NGOs contest €39bn in free carbon emission allowances for industry | WWF
NGOs contest €39bn in free carbon emission allowances for industry

Posted on 10 December 2014

On 10 December, WWF, CAN Europe, Greenpeace, Carbon Market Watch and Sandbag will file a request for an internal review with the European Commission, contesting the legality of its recent decision to continue granting free carbon emission allowances to industries under the ETS.

On 10 December, WWF, CAN Europe, Greenpeace, Carbon Market Watch and Sandbag will file a request for an internal review with the European Commission, contesting the legality of its recent decision to continue granting free carbon emission allowances to industries under the EU Emissions Trading Scheme (ETS). The allowances, for use between 2015 and 2019, are worth €39 billion [1]. Over 99% of industry sector allowances are allocated for free.

 
The Commission decision keeps a list of industries granted free allowances unchanged up to 2019, because of supposed continued competition from foreign industries which do not have to comply with the ETS. On 29 October 2014, the Commission formally released this so-called carbon leakage list of industries that would receive nearly four billion free allowances up to 2019.
 
NGOs question the legality of the decision on the grounds that the Commission ignored recommendations from its own impact assessment which would lead to the exclusion of some sectors from the carbon leakage list. The Commissions failed to explain why it ignored its impact assessment, as required by EU law. The impact assessment assumes an average carbon price of €16.50 between 2015 and 2019. But the Commission’s carbon leakage list assumes a much higher price of €30 [2]. The current price is around €6-7€ for a tonne of CO2. The higher the assumed carbon price, the more industries are exposed to competition and the more free allowances they receive.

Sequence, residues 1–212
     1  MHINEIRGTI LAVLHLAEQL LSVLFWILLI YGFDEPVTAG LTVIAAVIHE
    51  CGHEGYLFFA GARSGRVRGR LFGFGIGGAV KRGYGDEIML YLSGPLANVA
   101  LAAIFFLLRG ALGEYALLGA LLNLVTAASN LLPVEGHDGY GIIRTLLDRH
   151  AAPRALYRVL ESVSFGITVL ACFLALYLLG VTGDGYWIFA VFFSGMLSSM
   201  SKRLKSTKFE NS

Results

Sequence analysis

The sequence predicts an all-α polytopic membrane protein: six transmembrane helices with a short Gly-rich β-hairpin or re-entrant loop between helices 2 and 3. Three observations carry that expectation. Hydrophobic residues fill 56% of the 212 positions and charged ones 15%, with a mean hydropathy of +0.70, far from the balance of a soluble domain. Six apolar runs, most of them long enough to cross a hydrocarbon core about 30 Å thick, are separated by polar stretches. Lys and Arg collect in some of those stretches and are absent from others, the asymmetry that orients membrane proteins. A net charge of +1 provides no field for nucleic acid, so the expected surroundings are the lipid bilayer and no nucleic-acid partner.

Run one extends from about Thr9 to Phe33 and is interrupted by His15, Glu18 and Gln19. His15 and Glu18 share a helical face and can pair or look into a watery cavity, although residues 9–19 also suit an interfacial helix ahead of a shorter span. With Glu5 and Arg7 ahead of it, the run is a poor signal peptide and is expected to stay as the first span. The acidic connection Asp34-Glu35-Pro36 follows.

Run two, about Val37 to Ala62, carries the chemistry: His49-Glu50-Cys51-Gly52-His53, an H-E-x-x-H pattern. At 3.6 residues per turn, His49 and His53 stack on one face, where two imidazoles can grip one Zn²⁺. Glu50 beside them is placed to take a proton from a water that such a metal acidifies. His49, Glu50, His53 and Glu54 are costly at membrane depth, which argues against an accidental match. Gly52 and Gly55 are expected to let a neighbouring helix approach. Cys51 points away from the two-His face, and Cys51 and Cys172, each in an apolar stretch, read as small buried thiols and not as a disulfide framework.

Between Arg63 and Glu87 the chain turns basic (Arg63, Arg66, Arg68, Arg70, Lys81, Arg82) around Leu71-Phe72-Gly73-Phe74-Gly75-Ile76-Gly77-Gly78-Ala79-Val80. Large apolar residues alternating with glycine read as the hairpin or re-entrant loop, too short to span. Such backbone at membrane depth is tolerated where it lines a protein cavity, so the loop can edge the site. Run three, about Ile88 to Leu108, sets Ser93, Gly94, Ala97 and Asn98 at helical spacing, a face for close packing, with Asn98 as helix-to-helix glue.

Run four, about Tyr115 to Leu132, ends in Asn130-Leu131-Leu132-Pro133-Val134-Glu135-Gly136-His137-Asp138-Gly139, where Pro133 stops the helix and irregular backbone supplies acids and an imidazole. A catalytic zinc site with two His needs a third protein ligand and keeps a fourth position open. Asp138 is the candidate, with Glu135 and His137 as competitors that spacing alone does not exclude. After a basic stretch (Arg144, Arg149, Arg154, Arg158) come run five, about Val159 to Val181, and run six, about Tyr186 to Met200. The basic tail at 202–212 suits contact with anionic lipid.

The NGOs call on the Commission to annul its decision and adopt a new decision based on an average carbon price of €16.50 between 2015 and 2019. The Commission has up to ten weeks to respond to the request for review. Depending on the response, the NGOs could take the case to the European Court of Justice.
 
Next year, the Commission is expected to review the ETS directive for the period after 2020. The review is expected to include an update of the rules on free allowances for the EU’s industrial sectors.  
 
Greenpeace EU climate policy director Joris den Blanken said: “It’s ironic that the Commission is seeking to unlock a giant stimulus package for the European economy, while throwing away billions in potential income from a bolstered carbon market. With the stroke of a pen, it has arbitrarily inflated the carbon price to suit the heavy industries which have grown accustomed to windfall profits from the carbon market. This irresponsible behaviour has denied governments billions in revenues to help rebuild the EU economy.”
 
WWF EPO climate policy officer Sam Van den plas said: “This unjustified transfer of wealth from EU member state budgets to energy intensive industries yet again damages the credibility of the ETS as a pollution pricing mechanism. How can the EU Commission expect an international carbon market to develop on the basis of such an untargeted approach to carbon leakage as in the case of the EU?” 
 
Notes:
 
[1] Estimate based on an average carbon price assumption of €10. 
[2] Potential industry exposure to competition is calculated on the basis of a projected ETS carbon price. 
 
Contacts:
 
Joris den Blanken – Greenpeace EU climate policy director: +32 (0)476 961375, joris.den.blanken@greenpeace.org
 
Sam Van den plas – WWF European Policy Office, climate policy officer: +32 (0)485 952201, svandenplas@wwf.eu
Emissions, Corus steel plant, Redcar, Teesside, UK
© Global Warming Images / WWF